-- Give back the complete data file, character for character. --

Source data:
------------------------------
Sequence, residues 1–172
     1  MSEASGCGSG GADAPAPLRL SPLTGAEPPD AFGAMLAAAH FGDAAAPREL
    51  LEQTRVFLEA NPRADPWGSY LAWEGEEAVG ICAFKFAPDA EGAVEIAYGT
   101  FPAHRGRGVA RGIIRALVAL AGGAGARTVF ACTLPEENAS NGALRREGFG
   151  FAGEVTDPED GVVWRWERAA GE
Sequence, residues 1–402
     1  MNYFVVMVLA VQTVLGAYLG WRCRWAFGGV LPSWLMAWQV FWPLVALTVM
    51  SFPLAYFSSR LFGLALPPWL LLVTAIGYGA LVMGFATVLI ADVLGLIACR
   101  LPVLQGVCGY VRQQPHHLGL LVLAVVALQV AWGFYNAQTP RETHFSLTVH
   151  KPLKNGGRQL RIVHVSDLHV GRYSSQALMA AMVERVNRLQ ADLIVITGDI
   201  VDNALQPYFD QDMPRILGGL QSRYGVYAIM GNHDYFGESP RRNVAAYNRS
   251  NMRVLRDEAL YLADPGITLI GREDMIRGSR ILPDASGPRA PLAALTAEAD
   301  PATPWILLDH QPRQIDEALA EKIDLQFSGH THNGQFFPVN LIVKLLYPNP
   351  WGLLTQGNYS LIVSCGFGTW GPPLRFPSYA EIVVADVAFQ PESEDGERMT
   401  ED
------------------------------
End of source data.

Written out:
Sequence, residues 1–172
     1  MSEASGCGSG GADAPAPLRL SPLTGAEPPD AFGAMLAAAH FGDAAAPREL
    51  LEQTRVFLEA NPRADPWGSY LAWEGEEAVG ICAFKFAPDA EGAVEIAYGT
   101  FPAHRGRGVA RGIIRALVAL AGGAGARTVF ACTLPEENAS NGALRREGFG
   151  FAGEVTDPED GVVWRWERAA GE
Sequence, residues 1–402
     1  MNYFVVMVLA VQTVLGAYLG WRCRWAFGGV LPSWLMAWQV FWPLVALTVM
    51  SFPLAYFSSR LFGLALPPWL LLVTAIGYGA LVMGFATVLI ADVLGLIACR
   101  LPVLQGVCGY VRQQPHHLGL LVLAVVALQV AWGFYNAQTP RETHFSLTVH
   151  KPLKNGGRQL RIVHVSDLHV GRYSSQALMA AMVERVNRLQ ADLIVITGDI
   201  VDNALQPYFD QDMPRILGGL QSRYGVYAIM GNHDYFGESP RRNVAAYNRS
   251  NMRVLRDEAL YLADPGITLI GREDMIRGSR ILPDASGPRA PLAALTAEAD
   301  PATPWILLDH QPRQIDEALA EKIDLQFSGH THNGQFFPVN LIVKLLYPNP
   351  WGLLTQGNYS LIVSCGFGTW GPPLRFPSYA EIVVADVAFQ PESEDGERMT
   401  ED